She had many. All of which, her father told her, time and time (and time) again, were exceptional.
She was, her father told her, gifted.
And for this, he explained, time and time (and time) again, she should be proud.
But, even so, she could never tell anyone about them.
So she hadn’t.
As she crossed the street from the first block to the second, she felt it.
And smelled it.
These, too, were part of her gifts.
She sensed things. Strange things. Eyes on her. A presence. Mostly benign but recently (and upsettingly) there were some that seemed menacing. And she smelled things. Lots of things. Things others didn’t smell.
It was out there. She sensed its presence, smelled its smell. It was benign. It was even pleasant (immensely so), attractive (that was immensely so too) and it was familiar.
She sifted through her memory banks but she couldn’t find it.
Whatever it was, she knew it wouldn’t hurt her.
In fact, she had the strange, strong desire to seek it out, to turn to it – even to run to it.
Even though this urge was powerful (and surprising, she’d never felt anything like that before), she didn’t let on she sensed it. To do so would let it know she could feel it, which she could not do.
Her father had told her, repeatedly, she was special, exceptional and gifted. But without him telling her that for the last thirty-one years and knowing no one around her shared her “special” talents, she’d settled into the knowledge that she wasn’t special, exceptional and gifted. Instead, she was just strange.
And that was not a nice thing to know about yourself.
The presence was moving with her, tracking her and she ignored it as she did the many others she’d felt throughout her life (or, more precisely, since her parents’ deaths) as she carried on home. Then she saw her little farmhouse on its corner and smiled to herself. The sight of her home and the peace she always felt when she saw it allowed her to be able to set the alarmingly alluring sensation firmly aside.
Gregor (and Yuri), had both gone nuts when she bought her farmhouse. Well, not nuts, they were too polished to go nuts, but they definitely disapproved. Firstly, because, even though a rather nice (if colorful) residential area of the city had sprung up around it, it was a simple farmhouse. Sonia Arlington (as they told her repeatedly), did not reside in something as common as a farmhouse.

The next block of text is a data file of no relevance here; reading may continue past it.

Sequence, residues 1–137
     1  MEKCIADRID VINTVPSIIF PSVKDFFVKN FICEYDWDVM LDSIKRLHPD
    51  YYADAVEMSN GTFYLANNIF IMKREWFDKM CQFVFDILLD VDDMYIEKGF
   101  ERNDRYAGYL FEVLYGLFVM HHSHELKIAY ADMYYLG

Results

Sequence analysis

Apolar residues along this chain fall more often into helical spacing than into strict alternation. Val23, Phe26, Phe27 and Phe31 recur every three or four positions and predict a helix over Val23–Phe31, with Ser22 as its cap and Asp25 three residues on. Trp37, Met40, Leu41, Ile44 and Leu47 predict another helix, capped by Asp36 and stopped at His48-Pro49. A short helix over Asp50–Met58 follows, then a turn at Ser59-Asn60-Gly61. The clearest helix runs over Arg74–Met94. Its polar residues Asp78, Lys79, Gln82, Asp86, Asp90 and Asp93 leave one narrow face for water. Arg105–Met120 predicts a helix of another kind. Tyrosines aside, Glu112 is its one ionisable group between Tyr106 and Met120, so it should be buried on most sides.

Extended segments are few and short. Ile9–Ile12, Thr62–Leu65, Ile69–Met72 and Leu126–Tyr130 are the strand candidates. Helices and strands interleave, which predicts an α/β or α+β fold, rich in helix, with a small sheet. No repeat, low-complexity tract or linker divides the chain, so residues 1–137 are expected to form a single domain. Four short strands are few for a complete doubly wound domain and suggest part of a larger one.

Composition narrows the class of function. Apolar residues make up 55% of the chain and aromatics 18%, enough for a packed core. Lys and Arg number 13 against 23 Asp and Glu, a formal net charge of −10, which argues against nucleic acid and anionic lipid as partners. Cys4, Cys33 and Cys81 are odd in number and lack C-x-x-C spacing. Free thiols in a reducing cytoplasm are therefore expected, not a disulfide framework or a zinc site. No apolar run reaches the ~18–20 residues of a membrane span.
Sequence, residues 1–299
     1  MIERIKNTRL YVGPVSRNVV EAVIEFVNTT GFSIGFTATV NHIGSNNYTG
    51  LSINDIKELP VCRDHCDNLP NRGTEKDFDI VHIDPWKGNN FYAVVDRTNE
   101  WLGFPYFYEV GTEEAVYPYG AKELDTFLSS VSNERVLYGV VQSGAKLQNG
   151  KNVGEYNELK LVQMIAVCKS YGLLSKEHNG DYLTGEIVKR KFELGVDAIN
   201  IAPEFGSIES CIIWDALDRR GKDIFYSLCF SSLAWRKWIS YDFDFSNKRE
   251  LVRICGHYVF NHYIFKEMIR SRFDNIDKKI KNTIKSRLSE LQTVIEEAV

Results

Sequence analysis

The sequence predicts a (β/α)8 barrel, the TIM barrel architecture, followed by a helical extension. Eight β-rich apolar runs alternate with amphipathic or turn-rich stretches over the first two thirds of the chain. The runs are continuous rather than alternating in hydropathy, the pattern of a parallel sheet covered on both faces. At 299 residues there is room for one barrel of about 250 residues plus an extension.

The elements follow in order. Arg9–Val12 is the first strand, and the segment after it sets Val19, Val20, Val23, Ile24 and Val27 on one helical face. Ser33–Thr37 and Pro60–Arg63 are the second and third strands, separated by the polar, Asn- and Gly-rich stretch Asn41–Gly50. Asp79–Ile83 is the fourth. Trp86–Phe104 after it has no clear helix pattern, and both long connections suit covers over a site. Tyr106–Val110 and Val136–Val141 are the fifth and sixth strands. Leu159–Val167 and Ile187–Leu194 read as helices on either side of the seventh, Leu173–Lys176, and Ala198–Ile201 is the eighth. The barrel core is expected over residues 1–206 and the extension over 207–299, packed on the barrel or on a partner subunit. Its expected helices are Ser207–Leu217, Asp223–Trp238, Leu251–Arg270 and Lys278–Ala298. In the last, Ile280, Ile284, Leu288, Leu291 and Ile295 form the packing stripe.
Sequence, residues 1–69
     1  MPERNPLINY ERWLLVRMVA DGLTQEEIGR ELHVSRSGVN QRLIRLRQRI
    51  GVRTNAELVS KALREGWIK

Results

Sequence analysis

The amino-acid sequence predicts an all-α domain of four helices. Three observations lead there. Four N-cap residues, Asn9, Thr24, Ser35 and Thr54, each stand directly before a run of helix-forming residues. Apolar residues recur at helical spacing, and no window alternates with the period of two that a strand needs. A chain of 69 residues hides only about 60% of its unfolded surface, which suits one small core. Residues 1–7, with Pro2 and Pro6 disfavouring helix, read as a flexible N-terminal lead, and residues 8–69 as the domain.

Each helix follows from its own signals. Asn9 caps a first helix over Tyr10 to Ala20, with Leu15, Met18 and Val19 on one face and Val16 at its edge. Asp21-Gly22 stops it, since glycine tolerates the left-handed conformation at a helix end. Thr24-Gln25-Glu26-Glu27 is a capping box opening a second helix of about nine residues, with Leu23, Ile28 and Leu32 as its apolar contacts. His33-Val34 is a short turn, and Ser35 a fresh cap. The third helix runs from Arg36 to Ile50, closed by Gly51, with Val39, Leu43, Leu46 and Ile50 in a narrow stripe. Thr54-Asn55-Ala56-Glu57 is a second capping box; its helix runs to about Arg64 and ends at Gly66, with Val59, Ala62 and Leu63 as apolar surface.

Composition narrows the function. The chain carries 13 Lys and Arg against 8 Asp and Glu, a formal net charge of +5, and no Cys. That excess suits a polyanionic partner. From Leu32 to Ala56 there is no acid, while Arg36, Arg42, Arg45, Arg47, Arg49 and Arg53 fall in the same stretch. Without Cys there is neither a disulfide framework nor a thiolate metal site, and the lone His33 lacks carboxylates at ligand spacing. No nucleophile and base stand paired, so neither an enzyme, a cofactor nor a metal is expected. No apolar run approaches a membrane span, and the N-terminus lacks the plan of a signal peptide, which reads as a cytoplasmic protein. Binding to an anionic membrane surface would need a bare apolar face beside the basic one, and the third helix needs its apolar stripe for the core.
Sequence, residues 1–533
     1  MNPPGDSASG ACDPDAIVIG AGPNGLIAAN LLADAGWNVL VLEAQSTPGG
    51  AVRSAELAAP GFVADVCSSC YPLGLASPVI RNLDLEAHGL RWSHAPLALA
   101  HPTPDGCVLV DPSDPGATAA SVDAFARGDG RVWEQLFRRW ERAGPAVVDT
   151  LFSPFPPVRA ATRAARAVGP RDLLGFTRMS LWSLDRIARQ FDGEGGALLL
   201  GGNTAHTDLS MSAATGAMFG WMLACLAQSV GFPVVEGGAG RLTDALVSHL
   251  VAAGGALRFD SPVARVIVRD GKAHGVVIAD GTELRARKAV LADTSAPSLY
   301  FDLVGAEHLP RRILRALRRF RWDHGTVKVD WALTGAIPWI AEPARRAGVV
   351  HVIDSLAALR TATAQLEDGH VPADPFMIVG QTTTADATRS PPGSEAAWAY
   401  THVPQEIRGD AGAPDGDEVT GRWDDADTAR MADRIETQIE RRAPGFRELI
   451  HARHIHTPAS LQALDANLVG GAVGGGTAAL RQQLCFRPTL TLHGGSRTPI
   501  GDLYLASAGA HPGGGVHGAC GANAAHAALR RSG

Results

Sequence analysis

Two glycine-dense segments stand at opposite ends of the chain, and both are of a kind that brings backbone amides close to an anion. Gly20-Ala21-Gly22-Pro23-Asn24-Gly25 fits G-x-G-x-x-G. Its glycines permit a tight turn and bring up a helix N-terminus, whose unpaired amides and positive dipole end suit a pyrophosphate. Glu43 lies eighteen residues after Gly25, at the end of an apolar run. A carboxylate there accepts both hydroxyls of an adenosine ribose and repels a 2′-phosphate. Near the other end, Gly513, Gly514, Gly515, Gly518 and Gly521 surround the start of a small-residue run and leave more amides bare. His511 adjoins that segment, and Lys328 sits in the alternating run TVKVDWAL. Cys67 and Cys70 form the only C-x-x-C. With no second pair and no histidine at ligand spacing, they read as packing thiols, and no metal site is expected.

Secondly, because when she bought it, it was a wreck.
Luckily, Sonia was loaded. Therefore, she’d had it fixed up.
She walked up the steps and unlocked her door. The alarm beeped when she entered and she punched in the code. She dropped her purse on the chest in the entryway and, through the dark, she went directly to the plugs that would turn on her Christmas lights. Then she plugged them in, all of them and there were many, on both floors.
As she did so, the inside and outside of her farmhouse lit up and she didn’t have to look at it to know it was perfect. Just as if it had been decorated for a magazine (which, it had, her house was always photographed for the city’s monthly magazine, every year at Christmas, twice it had even made the cover).
Sonia would have preferred to decorate herself but, even though in her early years at her house she’d tried, she’d never had a flair for it and it always turned out wonky.
Her mother had had a flair for it. Cherise Arlington was the Master Christmas Decorator. Therefore, Sonia could not abide her own wonky efforts.
So she hired designers every year to come and decorate her house.
And it was always beautiful.
She walked straight back out the front door and down to her white picket fence to get her mail from the box that was fitted to the gatepost.
“Hey Miz Arlington!” she heard called from her side.
She turned to see the Lanigans getting into their mini-van, their two young boys, Jed and Jake, both standing outside and waving at her.
She’d known they were there, of course. She’d heard their feet in the snow Jay Lanigan had not (and would not, because it was football season and Jay Lanigan didn’t do much of anything during football season) shoveled from their drive. She’d also smelled the scent of their skin and hair. But as they were several doors down, she didn’t turn to them. To do so might expose her secret and Sonia guarded against that every second of her life.
“Hey there!” she called back, feigning surprise and waving then she saw Joanne Lanigan round the hood of the van. “Ready for Christmas, Jo?” she called.
“If you’re ready for Christmas, I’ll shoot you!” Jo yelled back with a smile in her shout. “It’s weeks away.”